Climate can be considered the average
weather conditions over a long period of time. The climate is influenced by
latitude, land and water distribution, altitude, land barrier, air movement,
ocean currents, permanent storm areas, temperature, humidity, precipitation,
cloud cover, high and low pressure centers, and other weather phenomena.
Overall the major control is governed by
solar radiation. This was first recognized by Eratosthenes (276-192BC) who
observed that the angle of the Sun’s rays had something to do with solar
radiation. This in effect is due to the tilt of the Earth on its axis, which
throughout the year causes the change of the seasons. However, do not confuse
seasons with climate. climate has many other factors that have to be
considered. For instance the climate in St. Louis, Missouri, Washington, D.C.
and San Francisco, California are very different, but yet they receive the
same solar radiation. Mountains, closeness to coastal area, and other
parameters can cause very different climate.
Climates can be defined by temperature,
rain, and humidity. We recognize the following: Tropical climates (rainforest,
savanna and monsoon); dry climates (desert and grasslands); mid-latitude
climate (humid subtropical, marine west coast, Mediterranean, and mid latitude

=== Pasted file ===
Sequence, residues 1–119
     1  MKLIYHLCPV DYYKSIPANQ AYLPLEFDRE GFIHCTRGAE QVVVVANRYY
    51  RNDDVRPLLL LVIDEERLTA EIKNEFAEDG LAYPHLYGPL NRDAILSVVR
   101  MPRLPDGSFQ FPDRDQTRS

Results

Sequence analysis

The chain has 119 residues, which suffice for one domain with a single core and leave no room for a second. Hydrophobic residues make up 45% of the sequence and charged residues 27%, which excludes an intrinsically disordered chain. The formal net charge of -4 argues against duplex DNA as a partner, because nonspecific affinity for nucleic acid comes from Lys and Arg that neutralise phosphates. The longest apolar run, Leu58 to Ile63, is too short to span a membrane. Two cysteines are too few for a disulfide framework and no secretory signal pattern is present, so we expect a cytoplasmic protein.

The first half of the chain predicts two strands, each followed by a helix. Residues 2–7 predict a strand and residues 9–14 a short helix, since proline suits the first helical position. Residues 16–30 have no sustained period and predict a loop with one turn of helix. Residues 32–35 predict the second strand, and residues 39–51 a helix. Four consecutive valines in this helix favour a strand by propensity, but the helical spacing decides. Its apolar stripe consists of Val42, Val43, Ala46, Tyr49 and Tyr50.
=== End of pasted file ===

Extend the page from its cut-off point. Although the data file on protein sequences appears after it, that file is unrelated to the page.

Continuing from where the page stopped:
monsoon); and polar including tundra areas which are frozen all year round.
- The internet has a wealth of information
for students to use to develop their own idea of climate. In this exercise the
web sites provide long term information on temperature and precipitation. On
the web site we highly suggest you access data from any year. There is many
ways to have the students interpret this data.
- Students could compare the temperature and/or
precipitation the year they were born and last year.
- Students could look at every 10 years of
temperature and see if the United States is actually "cooling" or
"warming." Debate is sure to occur.
- Students can look at five years in a row, and see
if they could predict the 6th year with that information.
- If you do not have internet access we
suggest that you use the figures included in this lesson and have the students
look at all the states to determine whether it has gotten cooler or warmer.
Use a map of the United States to make sure that students know their states.
You may want them record the information on a blank map or just to just to
gather the data in a data chart.
- The worksheet has the students look at
temperature in the United States in January, 1990 and January, 1996. You
cannot make a "scientific conclusion" from only two data points. To
interpret data you must have sufficient data to make a valid interpretation
that is accurate. New data can sometimes change the interpretation.